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The Unintended Consequences of Employer Credit Check Bans on Labor and Credit Markets

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  • Kristle Romero Cortes
  • Andrew Glover
  • Murat Tasci

Abstract

Since the Great Recession, 11 states have restricted employers? access to the credit reports of job applicants. We document that county-level vacancies decline between 9.5 percent and 12.4 percent after states enact these laws. Vacancies decline significantly in affected occupations but remain constant in those that are exempt, and the decline is larger in counties with many subprime residents. Furthermore, subprime borrowers fall behind on more debt payments and reduce credit inquiries postban. The evidence suggests that, counter to their intent, employer credit check bans disrupt labor and credit markets, especially for subprime workers.

Suggested Citation

  • Kristle Romero Cortes & Andrew Glover & Murat Tasci, 2018. "The Unintended Consequences of Employer Credit Check Bans on Labor and Credit Markets," Working Papers (Old Series) 1625, Federal Reserve Bank of Cleveland.
  • Handle: RePEc:fip:fedcwp:1625
    DOI: 10.26509/frbc-wp-201625r2
    Note: Second revision. First published in November 2016 and revised in October 2017.
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    References listed on IDEAS

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    3. Kyle F Herkenhoff, 2019. "The Impact of Consumer Credit Access on Unemployment," Review of Economic Studies, Oxford University Press, vol. 86(6), pages 2605-2642.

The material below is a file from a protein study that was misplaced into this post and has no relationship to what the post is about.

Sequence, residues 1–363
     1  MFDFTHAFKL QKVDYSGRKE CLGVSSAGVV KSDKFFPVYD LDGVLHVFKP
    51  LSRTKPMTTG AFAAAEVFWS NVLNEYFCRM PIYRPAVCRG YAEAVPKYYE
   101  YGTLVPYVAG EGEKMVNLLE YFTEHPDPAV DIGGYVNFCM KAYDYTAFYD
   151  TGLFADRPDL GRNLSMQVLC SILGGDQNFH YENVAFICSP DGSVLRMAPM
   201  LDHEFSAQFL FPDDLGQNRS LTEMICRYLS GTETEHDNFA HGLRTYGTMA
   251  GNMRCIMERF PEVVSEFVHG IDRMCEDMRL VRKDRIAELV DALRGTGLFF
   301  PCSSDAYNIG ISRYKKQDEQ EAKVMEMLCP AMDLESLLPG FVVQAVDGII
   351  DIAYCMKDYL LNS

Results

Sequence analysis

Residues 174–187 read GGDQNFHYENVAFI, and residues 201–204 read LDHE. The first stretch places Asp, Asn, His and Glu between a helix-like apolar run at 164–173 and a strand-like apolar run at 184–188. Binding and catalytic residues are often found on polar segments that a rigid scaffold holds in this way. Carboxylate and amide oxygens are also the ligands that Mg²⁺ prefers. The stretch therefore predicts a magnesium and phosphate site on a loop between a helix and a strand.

4. Kyle Herkenhoff & Gordon Phillips & Ethan Cohen-Cole, 2016. "How Credit Constraints Impact Job Finding Rates, Sorting & Aggregate Output," Working Papers 16-25, Center for Economic Studies, U.S. Census Bureau.
    5. Will Dobbie & Paul Goldsmith‐Pinkham & Neale Mahoney & Jae Song, 2020. "Bad Credit, No Problem? Credit and Labor Market Consequences of Bad Credit Reports," Journal of Finance, American Finance Association, vol. 75(5), pages 2377-2419, October.
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    Cited by:

    1. Kyle Herkenhoff, 2016. "The Impact of Consumer Credit Access on Employment, Earnings and Entrepreneurship," 2016 Meeting Papers 781, Society for Economic Dynamics.
    2. Marieke Bos & Emily Breza & Andres Liberman, 2018. "The Labor Market Effects of Credit Market Information," Review of Financial Studies, Society for Financial Studies, vol. 31(6), pages 2005-2037.
    3. Anthony M. Marino, 2020. "Banning information in hiring decisions," Journal of Regulatory Economics, Springer, vol. 58(1), pages 33-58, August.
    4. Ballance, Joshua & Clifford, Robert & Shoag, Daniel, 2020. "“No more credit score”: Employer credit check bans and signal substitution," Labour Economics, Elsevier, vol. 63(C).
    5. Andres Liberman & Christopher Neilson & Luis Opazo & Seth Zimmerman, 2018. "The Equilibrium Effects of Information Deletion: Evidence from Consumer Credit Markets," NBER Working Papers 25097, National Bureau of Economic Research, Inc.

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    More about this item

    Keywords

    unemployment rate; credit score; credit check;
    All these keywords.

    JEL classification:

    • J08 - Labor and Demographic Economics - - General - - - Labor Economics Policies
    • J23 - Labor and Demographic Economics - - Demand and Supply of Labor - - - Labor Demand
    • J78 - Labor and Demographic Economics - - Labor Discrimination - - - Public Policy (including comparable worth)

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